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Media Cloud – Solutions For Media Analysis


      Yabberz has an interesting collection of individuals, many of whom as commentators are truly impressive. The range seems to span between those mostly interested in presenting anecdotal chat to those who might well be considered as something resembling investigative journalists. So I'm wondering if there are any here who have used, or might be interested in using Harvard Berkman's Media Cloud information analyzer site. It verges on the "Big Data" of things, not simplistic at all. Going that extra mile, a bit of extra "work" to potentially increase one's effectiveness and credibility and value as commentator...

      Side benefit of usage just might be to further reduce the tendency to resort to ad hominems and other fallacious mechanisms...


      Media Cloud is a massive data set of news — compiled from newspapers, other established news organizations, and blogs — and a set of tools for analyzing those data. Some of the kinds of questions Media Cloud could eventually help answer:

      — How do specific stories evolve over time? What path do they take when they travel among blogs, newspapers, cable TV, or other sources?
      — What specific story topics won’t you hear about in [News Source X], at least compared to its competitors?
      — When [News Source Y] writes about Sarah Palin [or Pakistan, or school vouchers], what’s the context of their discussion? What are the words and phrases they surround that topic with?

      As Berkman Fellow Ethan Zuckerman puts it (not in this particular video), it’s an attempt to move media criticism and media analysis beyond the realm of the anecdote — to gather concrete data to back or contradict our suspicions.

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      John Trumbull


          The Capture of the Hessians at Trenton December 26 1776 -- John Trumbull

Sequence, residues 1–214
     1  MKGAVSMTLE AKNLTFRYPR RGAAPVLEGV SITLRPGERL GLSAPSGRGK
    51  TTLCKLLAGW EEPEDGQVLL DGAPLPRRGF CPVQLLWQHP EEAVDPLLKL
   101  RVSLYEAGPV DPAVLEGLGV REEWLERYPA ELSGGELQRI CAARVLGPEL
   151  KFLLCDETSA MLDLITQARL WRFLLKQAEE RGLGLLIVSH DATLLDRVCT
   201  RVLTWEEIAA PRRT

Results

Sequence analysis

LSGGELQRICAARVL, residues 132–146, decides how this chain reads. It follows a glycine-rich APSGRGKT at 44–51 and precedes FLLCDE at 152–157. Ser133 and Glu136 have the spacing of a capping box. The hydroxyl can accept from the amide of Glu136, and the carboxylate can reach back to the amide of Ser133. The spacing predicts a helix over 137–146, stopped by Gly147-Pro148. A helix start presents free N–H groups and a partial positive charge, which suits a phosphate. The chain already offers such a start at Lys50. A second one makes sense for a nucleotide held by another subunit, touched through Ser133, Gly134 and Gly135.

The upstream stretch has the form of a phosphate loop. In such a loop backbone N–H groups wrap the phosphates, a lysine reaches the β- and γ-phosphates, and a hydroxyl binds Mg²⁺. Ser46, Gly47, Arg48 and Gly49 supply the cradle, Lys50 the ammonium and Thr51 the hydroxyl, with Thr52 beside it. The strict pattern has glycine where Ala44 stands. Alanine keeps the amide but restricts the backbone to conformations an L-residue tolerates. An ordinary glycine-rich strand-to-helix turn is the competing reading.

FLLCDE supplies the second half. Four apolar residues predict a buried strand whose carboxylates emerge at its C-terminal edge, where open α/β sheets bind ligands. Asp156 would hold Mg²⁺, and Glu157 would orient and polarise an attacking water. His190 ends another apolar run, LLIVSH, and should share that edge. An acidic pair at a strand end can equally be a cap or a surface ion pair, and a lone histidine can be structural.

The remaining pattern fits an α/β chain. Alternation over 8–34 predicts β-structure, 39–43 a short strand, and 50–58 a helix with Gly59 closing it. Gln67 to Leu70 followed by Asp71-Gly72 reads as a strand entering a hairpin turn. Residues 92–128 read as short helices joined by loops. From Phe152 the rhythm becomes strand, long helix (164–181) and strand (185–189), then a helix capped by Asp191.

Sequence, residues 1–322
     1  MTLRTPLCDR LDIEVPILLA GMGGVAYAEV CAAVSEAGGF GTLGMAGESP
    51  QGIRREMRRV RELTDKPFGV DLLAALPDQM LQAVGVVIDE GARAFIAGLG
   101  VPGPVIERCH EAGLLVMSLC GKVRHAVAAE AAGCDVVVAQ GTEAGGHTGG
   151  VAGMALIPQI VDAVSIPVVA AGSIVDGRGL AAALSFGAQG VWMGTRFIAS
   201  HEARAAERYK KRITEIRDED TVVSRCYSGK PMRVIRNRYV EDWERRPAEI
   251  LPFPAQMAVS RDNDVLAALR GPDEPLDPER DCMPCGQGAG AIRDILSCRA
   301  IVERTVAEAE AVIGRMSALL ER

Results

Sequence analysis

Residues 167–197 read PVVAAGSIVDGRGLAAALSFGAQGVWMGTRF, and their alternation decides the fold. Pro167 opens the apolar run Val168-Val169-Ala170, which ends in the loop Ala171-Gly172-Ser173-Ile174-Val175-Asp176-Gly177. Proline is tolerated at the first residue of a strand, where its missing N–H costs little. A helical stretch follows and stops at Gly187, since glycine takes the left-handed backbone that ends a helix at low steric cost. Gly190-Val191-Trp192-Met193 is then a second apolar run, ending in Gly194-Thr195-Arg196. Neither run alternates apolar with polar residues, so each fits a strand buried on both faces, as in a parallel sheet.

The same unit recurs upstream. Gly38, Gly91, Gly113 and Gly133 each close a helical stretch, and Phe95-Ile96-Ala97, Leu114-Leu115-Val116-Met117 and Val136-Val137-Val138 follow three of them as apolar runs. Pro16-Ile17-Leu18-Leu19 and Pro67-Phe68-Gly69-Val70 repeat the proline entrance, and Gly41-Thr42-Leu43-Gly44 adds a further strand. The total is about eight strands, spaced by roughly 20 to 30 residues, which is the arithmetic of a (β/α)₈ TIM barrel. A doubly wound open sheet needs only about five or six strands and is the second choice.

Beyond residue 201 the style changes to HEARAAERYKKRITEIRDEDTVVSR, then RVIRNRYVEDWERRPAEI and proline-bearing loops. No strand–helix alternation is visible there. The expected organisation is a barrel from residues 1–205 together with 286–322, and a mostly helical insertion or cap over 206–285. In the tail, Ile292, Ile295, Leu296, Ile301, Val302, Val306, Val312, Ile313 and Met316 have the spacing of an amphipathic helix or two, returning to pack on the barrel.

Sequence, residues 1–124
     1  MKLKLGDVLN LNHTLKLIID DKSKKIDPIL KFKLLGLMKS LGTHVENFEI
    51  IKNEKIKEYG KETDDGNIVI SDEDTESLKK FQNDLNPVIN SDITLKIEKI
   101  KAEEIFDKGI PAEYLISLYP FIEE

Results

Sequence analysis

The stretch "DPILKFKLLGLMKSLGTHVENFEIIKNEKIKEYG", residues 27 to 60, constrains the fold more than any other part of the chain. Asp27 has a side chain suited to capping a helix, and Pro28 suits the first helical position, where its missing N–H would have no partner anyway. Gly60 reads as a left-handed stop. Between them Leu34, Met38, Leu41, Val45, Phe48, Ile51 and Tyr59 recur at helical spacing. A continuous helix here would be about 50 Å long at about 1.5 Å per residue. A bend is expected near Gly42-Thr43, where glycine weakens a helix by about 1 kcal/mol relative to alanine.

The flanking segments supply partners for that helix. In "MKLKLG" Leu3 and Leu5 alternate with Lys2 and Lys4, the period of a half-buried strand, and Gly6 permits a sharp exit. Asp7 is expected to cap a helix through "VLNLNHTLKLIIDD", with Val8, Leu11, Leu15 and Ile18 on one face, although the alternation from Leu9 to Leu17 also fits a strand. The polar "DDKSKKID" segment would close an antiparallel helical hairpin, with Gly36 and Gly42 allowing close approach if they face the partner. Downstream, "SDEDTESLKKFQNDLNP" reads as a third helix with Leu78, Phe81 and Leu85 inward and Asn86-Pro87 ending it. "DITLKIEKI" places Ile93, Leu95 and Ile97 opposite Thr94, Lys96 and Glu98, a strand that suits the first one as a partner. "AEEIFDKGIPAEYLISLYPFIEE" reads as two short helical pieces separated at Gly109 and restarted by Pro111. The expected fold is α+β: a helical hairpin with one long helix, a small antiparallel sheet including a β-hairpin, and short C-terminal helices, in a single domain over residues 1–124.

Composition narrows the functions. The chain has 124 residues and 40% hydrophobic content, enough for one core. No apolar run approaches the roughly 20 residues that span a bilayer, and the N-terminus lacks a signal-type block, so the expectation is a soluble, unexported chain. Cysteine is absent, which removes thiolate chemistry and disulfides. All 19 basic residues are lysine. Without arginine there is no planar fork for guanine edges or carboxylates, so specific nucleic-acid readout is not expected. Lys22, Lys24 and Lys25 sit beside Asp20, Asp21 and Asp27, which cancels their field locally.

As we approach the presidential inauguration, John Trumbull's name comes to mind. Usually when we picture early American painters they are folk artists, unschooled and untrained with only a scant knowledge of perspective. Some of their work might remind one not only of the hobbyist in the hamlet one mile down the road who likes to paint pictures but also see at times traces of medieval work. Although I have seen exquisite examples of the latter so precise and meticulous in detail that it makes me wonder about the sophistication of their craft. An example which always comes to mind is that of a rosary portraying the last supper carved out of boxwood as part of the permanent collection of New York's Cloisters. Ah, but my memory has betrayed me. It was not the last supper but a triptych of microscopically carved figures: the Journey to Nazareth and the Nativity, the Journey to Nazareth and the Adoration of the Magi, and Presentation in the Temple. This piece was of Northern European origin and created in a period more towards the Renaissance than the Middle Ages. But such craftsmanship did not emerge from a vacuum as if suspended in a bubble over time's arrow.

          1500–1510. South Netherlandish. Boxwood

          When we look at early Americana, we are reminded of the portraits of John Brewster Jr. or those of Edward Hicks or the stiff wooden figures of Ammi Phillips. Yet each of them blew life into their creations. Their portraits stare back at us and onto eternity. America was inventing herself from scratch, but there were highly trained artists among them. The father of American painting was Benjamin West who through the backing of several Philadelphia patrons send him to Europe in 1760. There he tarried in Italy for three years absorbing its aesthetic ambiance before arriving in London where he was adopted as Britain's leading painter. Unanimously elected to the Royal Academy as their second president, West served that venerable institution for twenty-eight years and played a centrally important role of instructing and mentoring early American painters. Among his students was none other than John Trumbull. Among the panoply of Early American greats were the likes of Gilbert Stuart perhaps best known for is portrait of George Washington, John Singleton Copley, Rembrandt Peale, and Thomas Sully. Two inventors with artistic leanings were included in West's list of students: Robert Fulton and Samuel F. B. Morse.

          At that time landscape painting was considered a low art. Portraiture was a bit higher. The highest visual art subject matter was that of historical painting for which most of these artists were known. However one should take note that as a mentor, Benjamin West had advised John Constable to give up portrait painting and devote his time to landscapes. Perhaps this advise had paid off as he became known as one of Britain's greatest landscapists and much admired later on by no other than the French Romantic painter Eugène Delacroix.

          General George Washington Resigning His Commission 1822-24 -- John Trumbull